Mark: We want to come back more and do bigger tours. One thing I’ve been bummed out about over the past bunch of years is we always play 3 East Coast cities then go home. Now we’re doing the 5 cities and it’ll be cool if we can hit more next time. I’d really like to come back for a festival! It’s a shame about Soundwave…I heard all about what happened…Hopefully there’s some sort of festival resurrection.
The Neversphere: Earlier in the year you released Periphery III: Select Difficulty. Given your undeniable status as Road Kings and the fact you hit the road straight after its release, how much does the live show affect the album itself?
Mark: It’s always somewhere in the back of our minds. I wouldn’t say it leads the process at all. It’s definitely not something that we put as an indicator first and foremost as to whether a song is good. There are moments though, and I do love these moments when there’s some feeling we all share hearing a demo back for the first time, and someone invariably in the room says ‘This part is gonna fucking kill live.’

It’s kind of a magical moment when that happens but I can’t say that we ever lead the song writing process with that goal in mind. If the music is powerful and it’s written with conviction those moments will happen by accident. But the reaction for Periphery III has been really strong. As an artist you’re a bit more biased towards your newer material – you feel more attached to it for obvious reasons – So you tend to be convinced that it will translate the best live but really you don’t know; you have no idea.

We’ve been playing a lot of it live over the past 7 months and it’s been really strong. We’re really excited to play a lot of it when we come visit you guys, ‘cos you guys haven’t heard any of the new stuff live. Let’s change that.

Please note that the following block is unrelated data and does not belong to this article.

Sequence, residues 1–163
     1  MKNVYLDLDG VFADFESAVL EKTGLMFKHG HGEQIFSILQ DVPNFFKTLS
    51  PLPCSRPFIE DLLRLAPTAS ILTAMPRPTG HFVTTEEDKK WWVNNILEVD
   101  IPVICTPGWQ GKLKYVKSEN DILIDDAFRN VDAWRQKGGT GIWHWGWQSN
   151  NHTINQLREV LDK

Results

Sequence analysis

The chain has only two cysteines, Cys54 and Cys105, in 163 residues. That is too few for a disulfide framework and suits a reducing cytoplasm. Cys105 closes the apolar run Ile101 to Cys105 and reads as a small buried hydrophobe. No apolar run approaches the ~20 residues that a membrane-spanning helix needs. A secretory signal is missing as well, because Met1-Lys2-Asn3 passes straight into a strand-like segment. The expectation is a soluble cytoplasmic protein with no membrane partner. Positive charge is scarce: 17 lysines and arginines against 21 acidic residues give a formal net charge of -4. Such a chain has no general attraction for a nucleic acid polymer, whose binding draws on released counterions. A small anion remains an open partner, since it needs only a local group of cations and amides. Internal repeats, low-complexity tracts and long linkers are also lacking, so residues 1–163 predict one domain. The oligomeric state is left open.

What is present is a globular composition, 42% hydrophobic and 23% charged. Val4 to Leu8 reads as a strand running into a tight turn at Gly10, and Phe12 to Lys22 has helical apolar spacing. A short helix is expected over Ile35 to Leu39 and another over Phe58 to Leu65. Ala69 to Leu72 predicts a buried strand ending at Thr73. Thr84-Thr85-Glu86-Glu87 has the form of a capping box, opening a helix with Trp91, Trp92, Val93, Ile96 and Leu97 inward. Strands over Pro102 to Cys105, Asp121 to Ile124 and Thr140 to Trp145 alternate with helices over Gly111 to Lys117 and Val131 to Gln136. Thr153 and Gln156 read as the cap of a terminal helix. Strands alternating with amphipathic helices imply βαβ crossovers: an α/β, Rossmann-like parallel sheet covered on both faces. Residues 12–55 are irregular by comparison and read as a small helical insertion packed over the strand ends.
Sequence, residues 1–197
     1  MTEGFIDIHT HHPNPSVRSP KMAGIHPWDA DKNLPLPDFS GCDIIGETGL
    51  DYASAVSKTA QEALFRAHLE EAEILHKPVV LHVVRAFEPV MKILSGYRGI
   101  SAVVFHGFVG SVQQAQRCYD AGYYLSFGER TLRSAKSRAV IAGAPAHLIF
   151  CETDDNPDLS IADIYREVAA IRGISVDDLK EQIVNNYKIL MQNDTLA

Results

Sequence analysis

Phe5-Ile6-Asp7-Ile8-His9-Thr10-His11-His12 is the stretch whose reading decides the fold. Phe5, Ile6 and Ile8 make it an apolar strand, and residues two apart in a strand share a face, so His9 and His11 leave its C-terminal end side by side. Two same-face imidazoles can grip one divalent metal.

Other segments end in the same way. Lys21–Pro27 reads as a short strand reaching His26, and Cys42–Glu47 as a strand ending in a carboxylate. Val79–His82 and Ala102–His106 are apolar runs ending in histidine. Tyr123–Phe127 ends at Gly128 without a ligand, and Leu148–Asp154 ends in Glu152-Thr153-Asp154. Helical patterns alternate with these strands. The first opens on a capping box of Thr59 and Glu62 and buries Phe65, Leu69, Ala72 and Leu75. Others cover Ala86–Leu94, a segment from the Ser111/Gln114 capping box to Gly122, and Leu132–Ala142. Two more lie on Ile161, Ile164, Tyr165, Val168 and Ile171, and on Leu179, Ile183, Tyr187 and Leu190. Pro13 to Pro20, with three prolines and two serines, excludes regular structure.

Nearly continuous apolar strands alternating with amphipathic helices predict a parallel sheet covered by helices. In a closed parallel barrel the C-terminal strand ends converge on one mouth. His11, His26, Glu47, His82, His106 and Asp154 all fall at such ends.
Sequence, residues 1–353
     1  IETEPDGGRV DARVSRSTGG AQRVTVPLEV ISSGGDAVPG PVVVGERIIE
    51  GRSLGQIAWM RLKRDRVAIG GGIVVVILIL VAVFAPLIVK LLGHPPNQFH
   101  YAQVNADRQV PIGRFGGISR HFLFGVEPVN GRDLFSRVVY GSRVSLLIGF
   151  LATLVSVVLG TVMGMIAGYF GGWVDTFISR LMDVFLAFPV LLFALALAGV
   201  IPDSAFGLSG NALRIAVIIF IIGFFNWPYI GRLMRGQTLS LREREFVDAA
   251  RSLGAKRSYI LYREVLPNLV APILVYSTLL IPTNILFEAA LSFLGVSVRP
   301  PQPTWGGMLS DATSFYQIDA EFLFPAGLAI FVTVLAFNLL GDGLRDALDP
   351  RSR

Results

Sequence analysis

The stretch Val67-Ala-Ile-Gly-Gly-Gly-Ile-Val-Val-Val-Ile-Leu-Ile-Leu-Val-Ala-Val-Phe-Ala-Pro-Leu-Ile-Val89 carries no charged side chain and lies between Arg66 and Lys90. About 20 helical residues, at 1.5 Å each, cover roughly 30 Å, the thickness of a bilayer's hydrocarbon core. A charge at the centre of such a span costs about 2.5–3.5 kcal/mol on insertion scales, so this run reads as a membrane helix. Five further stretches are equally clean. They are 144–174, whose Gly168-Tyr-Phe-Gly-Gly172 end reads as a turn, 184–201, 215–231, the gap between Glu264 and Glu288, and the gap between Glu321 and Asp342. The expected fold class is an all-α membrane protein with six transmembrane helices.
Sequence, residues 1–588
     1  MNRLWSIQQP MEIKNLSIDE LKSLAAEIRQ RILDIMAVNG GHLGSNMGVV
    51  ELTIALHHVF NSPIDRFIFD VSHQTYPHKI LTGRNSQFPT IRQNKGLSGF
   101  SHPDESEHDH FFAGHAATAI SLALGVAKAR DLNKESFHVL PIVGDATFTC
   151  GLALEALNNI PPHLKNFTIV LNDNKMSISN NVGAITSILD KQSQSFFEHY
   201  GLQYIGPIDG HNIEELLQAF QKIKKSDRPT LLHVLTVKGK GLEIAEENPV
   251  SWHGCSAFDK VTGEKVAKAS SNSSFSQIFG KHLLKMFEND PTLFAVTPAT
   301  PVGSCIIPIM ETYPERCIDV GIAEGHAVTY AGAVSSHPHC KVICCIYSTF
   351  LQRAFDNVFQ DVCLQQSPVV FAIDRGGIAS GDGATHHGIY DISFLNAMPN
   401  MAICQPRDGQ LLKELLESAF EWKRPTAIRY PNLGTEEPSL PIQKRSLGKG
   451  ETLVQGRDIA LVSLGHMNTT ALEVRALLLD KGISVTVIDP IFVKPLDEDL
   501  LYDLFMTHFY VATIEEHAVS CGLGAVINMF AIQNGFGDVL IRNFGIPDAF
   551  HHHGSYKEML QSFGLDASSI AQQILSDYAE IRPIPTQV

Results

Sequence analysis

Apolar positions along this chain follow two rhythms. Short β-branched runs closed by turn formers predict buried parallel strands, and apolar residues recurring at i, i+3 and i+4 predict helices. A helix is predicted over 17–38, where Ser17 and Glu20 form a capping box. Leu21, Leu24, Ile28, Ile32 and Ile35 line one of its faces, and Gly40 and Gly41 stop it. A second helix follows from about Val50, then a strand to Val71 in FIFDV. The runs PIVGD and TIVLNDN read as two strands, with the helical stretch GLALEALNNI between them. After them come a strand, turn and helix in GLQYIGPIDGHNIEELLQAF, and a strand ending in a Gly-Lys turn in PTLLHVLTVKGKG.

The Neversphere: Periphery III is a special album. It didn’t just resonate with fans and media; it scored you a cheeky Grammy nomination. Congratulations! How does that even feel?
Mark: It’s weird. It’s really strange…It’s exhilarating and an honour, of course. When we got the email that it’s happening it was kind of like ‘what? Is it April Fools today, like…us?’ because that’s the last thing on our mind – any sort of commercial success.

When we do what we do, be it touring or recording, we always tend to put commercial success at the back of our minds. We find we work better as a band when we keep our heads down and just focus on the minutiae, focus on the process and don’t focus on the results because then you tend to set expectations and sometimes get let down.

It was weird at first then the more it sunk in it started to feel incredible. It really does feel special. We’ll see how that goes, I don’t think we’ll win but we’ll see.

The Neversphere: For a mainstream commercial list of ‘heavy’ bands, you’re in some good company. It feels like the greater industry is starting to open up this next wave of popular heavy music.